What is this medication?
BASILIXIMAB (ba sil IK si mab) is used to stop your body from attacking or rejecting your transplanted organ (kidney).
This medicine may be used for other purposes; ask your health care provider or pharmacist if you have questions.
COMMON BRAND NAME(S): Simulect
What should I tell my care team before I take this medication?
They need to know if you have any of these conditions:
- an unusual or allergic reaction to basiliximab, other medicines, foods, dyes, or preservatives
- pregnant or trying to get pregnant
How should I use this medication?
This medicine is injected into a vein. It is given by a health care provider in a hospital or clinic setting.
Talk to your health care provider about the use of this medicine in children. While it may be prescribed to children for selected conditions, precautions do apply.
Overdosage: If you think you have taken too much of this medicine contact a poison control center or emergency room at once.
NOTE: This medicine is only for you. Do not share this medicine with others.
What if I miss a dose?
This does not apply. This medicine is not for regular use.
What may interact with this medication?
Do not take this medicine with any of the following medications:
- live vaccines
This list may not describe all possible interactions. Give your health care provider a list of all the medicines, herbs, non-prescription drugs, or dietary supplements you use. Also tell them if you smoke, drink alcohol, or use illegal drugs. Some items may interact with your medicine.
What should I watch for while using this medication?
Your condition will be monitored carefully while you are receiving this medicine.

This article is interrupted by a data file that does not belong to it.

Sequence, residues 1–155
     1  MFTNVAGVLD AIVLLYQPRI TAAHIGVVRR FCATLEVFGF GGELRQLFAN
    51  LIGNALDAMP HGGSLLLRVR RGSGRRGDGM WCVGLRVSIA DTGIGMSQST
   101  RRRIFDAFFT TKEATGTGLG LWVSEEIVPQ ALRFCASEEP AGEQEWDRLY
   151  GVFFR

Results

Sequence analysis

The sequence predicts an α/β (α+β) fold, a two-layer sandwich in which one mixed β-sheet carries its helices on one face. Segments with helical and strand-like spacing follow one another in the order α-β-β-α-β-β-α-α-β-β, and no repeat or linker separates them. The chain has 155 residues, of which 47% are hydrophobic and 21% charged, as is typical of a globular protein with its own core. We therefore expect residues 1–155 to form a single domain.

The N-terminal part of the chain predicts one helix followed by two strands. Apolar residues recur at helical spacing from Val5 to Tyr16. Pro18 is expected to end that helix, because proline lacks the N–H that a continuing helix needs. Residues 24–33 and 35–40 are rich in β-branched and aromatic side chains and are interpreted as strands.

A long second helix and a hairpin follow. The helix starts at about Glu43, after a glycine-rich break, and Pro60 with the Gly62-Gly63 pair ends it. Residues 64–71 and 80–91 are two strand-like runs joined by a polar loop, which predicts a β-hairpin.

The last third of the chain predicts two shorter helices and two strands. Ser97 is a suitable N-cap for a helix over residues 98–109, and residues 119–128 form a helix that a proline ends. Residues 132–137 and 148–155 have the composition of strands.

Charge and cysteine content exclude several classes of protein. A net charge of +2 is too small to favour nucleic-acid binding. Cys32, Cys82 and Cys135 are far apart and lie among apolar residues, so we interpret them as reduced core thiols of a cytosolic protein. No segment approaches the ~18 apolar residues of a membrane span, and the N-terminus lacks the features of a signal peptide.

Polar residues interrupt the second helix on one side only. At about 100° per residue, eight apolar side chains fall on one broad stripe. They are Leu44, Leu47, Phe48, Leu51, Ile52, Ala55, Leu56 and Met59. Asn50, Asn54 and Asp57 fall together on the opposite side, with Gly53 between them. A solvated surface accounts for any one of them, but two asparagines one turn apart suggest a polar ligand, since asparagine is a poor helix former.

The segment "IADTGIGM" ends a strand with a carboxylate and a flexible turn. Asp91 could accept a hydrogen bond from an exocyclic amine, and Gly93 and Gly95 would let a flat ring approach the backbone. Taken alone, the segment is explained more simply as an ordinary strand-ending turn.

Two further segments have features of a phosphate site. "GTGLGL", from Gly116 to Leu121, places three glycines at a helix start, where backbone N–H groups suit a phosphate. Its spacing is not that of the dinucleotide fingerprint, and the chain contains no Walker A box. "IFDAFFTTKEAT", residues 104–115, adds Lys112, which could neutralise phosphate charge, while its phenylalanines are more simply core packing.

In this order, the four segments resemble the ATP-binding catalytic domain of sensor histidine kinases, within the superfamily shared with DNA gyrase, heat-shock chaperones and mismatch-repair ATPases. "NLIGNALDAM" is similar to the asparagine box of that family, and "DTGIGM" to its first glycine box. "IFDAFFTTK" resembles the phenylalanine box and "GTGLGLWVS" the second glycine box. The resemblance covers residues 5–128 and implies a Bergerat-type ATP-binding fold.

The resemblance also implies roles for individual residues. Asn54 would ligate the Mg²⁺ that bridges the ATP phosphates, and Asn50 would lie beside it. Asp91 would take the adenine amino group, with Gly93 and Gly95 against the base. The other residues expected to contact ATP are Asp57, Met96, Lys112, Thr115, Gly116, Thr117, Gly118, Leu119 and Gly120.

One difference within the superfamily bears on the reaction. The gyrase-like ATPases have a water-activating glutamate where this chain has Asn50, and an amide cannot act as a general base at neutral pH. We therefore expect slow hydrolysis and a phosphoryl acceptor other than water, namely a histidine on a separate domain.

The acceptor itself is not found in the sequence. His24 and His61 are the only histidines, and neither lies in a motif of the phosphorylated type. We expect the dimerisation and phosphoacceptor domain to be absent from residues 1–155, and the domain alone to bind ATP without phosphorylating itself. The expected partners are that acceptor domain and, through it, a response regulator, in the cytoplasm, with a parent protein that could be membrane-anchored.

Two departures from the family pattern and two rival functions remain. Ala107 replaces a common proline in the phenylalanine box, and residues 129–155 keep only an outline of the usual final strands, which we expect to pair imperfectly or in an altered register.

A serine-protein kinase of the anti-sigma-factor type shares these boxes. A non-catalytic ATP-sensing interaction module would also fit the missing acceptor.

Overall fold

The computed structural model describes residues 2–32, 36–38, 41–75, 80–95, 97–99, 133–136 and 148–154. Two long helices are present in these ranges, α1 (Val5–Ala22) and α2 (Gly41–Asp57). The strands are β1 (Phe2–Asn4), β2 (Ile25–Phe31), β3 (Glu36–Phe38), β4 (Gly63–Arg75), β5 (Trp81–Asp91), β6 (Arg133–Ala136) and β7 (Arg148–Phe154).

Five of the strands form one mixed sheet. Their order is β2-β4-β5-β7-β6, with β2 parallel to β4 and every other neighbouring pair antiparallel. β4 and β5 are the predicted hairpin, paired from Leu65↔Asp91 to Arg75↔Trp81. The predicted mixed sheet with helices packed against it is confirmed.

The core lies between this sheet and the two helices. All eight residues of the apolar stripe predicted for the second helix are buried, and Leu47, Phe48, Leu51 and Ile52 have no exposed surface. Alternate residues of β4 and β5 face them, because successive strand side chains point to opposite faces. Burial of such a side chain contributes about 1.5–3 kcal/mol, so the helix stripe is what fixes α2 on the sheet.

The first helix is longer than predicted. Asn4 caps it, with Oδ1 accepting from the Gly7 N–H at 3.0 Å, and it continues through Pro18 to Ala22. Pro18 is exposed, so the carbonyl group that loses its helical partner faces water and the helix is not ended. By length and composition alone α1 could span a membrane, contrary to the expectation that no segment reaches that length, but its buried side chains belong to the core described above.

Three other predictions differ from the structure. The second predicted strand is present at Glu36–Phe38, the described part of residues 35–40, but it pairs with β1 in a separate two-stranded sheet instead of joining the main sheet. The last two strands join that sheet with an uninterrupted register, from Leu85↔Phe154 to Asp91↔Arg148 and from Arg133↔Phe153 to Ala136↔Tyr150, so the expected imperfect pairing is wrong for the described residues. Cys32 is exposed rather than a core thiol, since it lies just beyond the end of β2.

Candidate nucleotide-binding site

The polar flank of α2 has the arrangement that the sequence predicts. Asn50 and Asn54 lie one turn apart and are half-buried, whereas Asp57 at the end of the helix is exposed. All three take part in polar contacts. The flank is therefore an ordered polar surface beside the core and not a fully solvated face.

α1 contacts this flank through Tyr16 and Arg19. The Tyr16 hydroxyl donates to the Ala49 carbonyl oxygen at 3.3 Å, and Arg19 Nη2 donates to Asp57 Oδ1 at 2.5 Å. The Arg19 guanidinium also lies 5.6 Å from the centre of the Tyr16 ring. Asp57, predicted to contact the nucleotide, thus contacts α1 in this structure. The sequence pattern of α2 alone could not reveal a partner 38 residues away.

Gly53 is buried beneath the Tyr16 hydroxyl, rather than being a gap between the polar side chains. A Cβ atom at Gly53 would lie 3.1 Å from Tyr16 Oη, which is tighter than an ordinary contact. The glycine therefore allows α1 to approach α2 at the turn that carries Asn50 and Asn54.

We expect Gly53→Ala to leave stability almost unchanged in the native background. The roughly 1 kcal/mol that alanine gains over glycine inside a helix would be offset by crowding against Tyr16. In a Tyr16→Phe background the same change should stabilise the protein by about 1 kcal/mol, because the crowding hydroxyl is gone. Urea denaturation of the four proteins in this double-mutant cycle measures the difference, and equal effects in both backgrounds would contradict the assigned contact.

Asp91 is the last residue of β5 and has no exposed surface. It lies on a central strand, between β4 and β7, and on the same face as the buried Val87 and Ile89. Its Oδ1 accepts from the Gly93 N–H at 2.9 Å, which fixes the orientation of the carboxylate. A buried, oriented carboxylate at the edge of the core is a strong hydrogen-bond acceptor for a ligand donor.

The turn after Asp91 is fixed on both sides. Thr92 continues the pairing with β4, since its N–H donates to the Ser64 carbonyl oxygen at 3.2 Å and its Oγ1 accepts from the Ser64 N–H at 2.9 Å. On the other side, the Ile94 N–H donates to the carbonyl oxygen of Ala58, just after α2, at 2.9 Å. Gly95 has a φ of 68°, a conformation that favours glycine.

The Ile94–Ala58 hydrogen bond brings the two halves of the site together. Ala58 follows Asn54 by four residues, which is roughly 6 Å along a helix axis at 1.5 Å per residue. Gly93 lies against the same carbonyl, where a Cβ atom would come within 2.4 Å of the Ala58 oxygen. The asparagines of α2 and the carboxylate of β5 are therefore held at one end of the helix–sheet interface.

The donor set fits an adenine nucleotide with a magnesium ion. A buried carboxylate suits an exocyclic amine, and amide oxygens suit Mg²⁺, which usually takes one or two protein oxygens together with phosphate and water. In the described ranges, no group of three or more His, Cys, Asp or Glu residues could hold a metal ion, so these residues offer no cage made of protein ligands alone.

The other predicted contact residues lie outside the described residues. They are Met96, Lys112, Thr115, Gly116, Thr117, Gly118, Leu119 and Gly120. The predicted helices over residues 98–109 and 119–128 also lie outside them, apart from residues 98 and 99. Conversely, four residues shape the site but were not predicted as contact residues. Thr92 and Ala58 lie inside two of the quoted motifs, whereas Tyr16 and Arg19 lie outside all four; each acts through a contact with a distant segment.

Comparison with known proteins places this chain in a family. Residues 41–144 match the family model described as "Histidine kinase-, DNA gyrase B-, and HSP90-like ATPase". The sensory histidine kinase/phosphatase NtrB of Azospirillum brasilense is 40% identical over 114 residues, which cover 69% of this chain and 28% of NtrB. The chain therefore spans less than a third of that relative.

This medicine may increase your risk of getting an infection. Call your health care provider for advice if you get a fever, chills, sore throat, or other symptoms of a cold or flu. Do not treat yourself. Try to avoid being around people who are sick.
Women must use a form of birth control while taking this medicine. Women will also need to take it for 4 months after stopping the medicine. There is potential for serious harm to an unborn child. Tell your health care provider right away if you think you might be pregnant. Do not breast-feed an infant while taking this medicine.
What side effects may I notice from receiving this medication?
Side effects that you should report to your doctor or health care professional as soon as possible:
- allergic reactions (skin rash, itching or hives; swelling of the face, lips, or tongue)
- infection (fever, chills, cough, sore throat, pain or trouble passing urine)
- trouble breathing
Side effects that usually do not require medical attention (report to your doctor or health care professional if they continue or are bothersome):
- nausea, vomiting
- pain, redness, or irritation at site where injected
- stomach pain
- trouble sleeping
- upset stomach
This list may not describe all possible side effects. Call your doctor for medical advice about side effects. You may report side effects to FDA at 1-800-FDA-1088.
Where should I keep my medication?
This medicine is given in a hospital or clinic. It will not be stored at home.
NOTE: This sheet is a summary. It may not cover all possible information. If you have questions about this medicine, talk to your doctor, pharmacist, or health care provider.
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